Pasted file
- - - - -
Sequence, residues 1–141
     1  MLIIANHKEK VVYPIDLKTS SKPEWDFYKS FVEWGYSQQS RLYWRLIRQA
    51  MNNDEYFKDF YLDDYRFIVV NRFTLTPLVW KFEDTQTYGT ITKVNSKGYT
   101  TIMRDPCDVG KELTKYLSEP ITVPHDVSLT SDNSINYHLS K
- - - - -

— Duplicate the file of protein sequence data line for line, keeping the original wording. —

Sequence, residues 1–141
     1  MLIIANHKEK VVYPIDLKTS SKPEWDFYKS FVEWGYSQQS RLYWRLIRQA
    51  MNNDEYFKDF YLDDYRFIVV NRFTLTPLVW KFEDTQTYGT ITKVNSKGYT
   101  TIMRDPCDVG KELTKYLSEP ITVPHDVSLT SDNSINYHLS K